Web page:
As the cyberthreat landscape multiplies, deception strategies as part of an overall cybersecurity toolkit are gaining momentum. Both governments and businesses can benefit from having a better understanding of deception techniques, including hacking back. Here’s how it works—and what to consider.
By Richard L. Villars, Vice President, Datacenter & Cloud, IDC
The most fundamental objective of any IT transformation effort must be enabling your entire organization to achieve maximum insight and return from all the data it generates, accesses, manages, and shares. The first step is to trust your data.
In the murky underground forums of the darknet, thousands of hackers trade secrets, discuss new forms of malware, and boast about recent attacks. Yet there are white hat hackers—the good guys—who have been able to find their way into these forums to spy on the spies.
Alex Tilley, a senior Counter Threat Unit researcher at Secureworks, recounts the true tale of a highly-organized cyberattack that started with a hacked bank in South Africa and ended with an impressive display of coordinated fraud.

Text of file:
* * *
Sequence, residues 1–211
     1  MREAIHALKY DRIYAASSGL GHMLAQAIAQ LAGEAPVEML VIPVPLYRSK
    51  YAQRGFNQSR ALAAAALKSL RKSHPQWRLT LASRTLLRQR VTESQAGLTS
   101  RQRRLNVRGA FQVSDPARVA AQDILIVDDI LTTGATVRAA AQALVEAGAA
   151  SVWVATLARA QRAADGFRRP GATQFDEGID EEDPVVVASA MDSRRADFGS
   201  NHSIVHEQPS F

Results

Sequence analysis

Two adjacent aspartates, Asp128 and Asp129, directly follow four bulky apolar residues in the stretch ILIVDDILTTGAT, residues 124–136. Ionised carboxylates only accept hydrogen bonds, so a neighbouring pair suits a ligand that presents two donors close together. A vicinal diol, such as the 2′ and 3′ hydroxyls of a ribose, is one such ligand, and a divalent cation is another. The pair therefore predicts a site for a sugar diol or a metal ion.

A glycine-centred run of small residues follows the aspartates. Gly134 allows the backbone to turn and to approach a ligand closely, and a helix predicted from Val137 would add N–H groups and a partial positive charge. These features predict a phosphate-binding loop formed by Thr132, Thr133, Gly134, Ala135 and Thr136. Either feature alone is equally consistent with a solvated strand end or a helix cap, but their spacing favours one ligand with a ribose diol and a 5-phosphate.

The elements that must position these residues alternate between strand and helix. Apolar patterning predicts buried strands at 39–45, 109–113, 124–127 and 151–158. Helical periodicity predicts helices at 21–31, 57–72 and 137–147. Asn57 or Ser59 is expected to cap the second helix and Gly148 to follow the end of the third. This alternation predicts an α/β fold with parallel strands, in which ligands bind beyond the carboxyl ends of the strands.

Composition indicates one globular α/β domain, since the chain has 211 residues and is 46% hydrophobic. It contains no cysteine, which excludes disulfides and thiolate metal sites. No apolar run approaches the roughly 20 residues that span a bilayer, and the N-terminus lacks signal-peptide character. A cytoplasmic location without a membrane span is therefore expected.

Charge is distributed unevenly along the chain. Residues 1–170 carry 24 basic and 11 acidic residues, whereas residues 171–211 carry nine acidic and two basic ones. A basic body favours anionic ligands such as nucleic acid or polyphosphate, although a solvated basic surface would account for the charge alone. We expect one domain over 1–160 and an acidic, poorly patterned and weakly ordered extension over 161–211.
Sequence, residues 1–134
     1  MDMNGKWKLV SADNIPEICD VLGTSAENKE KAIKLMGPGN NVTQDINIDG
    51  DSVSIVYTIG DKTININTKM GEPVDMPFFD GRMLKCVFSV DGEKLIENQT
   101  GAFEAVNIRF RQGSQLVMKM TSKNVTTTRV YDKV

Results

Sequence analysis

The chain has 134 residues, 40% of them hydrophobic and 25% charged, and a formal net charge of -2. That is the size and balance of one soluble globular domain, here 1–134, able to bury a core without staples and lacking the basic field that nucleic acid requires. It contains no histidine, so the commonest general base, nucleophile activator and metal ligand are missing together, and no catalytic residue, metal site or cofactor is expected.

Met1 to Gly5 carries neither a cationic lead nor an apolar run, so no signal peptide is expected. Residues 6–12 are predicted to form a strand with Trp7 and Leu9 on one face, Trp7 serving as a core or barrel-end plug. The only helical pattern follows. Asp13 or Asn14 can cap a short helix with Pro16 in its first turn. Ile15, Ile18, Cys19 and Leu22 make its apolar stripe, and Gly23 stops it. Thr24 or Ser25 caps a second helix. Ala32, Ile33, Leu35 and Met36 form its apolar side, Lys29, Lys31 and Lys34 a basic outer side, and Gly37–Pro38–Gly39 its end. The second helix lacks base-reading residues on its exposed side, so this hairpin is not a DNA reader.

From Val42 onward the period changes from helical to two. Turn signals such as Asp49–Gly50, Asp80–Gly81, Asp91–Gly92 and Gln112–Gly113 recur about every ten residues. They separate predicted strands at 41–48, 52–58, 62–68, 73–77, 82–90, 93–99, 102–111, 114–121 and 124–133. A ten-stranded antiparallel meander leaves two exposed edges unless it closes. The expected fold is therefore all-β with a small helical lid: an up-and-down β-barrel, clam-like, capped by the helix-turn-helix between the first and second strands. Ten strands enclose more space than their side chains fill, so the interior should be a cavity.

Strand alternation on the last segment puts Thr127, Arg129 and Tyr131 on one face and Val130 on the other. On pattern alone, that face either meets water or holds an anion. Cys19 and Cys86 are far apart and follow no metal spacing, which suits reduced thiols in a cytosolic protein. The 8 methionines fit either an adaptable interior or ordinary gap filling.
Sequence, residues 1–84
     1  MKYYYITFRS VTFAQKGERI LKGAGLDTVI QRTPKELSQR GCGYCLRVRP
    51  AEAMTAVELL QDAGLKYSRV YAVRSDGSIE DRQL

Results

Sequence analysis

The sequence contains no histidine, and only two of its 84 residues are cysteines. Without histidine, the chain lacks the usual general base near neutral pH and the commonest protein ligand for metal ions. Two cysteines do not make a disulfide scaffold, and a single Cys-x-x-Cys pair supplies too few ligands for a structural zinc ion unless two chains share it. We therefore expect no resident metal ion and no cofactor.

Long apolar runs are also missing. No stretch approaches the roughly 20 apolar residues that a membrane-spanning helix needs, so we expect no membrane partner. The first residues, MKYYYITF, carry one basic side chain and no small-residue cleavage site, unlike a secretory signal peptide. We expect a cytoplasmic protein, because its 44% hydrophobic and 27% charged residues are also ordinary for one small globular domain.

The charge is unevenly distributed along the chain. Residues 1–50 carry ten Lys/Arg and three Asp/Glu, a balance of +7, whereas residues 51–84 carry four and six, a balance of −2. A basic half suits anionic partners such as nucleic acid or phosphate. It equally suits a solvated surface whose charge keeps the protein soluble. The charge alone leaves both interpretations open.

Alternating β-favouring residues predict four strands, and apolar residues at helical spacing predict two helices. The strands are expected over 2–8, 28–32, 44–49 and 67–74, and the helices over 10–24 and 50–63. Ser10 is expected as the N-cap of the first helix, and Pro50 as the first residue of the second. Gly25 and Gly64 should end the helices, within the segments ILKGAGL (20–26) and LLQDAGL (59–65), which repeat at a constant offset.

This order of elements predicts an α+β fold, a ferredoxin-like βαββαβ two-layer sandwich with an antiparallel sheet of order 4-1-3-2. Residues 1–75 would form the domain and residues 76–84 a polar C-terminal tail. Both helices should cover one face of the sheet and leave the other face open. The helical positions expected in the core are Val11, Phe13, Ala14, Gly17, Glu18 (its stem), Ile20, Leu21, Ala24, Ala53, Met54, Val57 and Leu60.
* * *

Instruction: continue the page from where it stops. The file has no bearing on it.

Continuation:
The executive summary of Secureworks’ annual 2017 State of Cybercrime Report presents a high-level overview of the major cyber threats currently plaguing companies and individuals and rare insight into the behaviors and organizational structure of some of the most proficient criminal groups on the internet.
Government organizations, including the NGA, CIA, and FBI, are all actively using artificial intelligence to improve the data analysis process. Here’s a look at how these organizations are transforming operations using AI.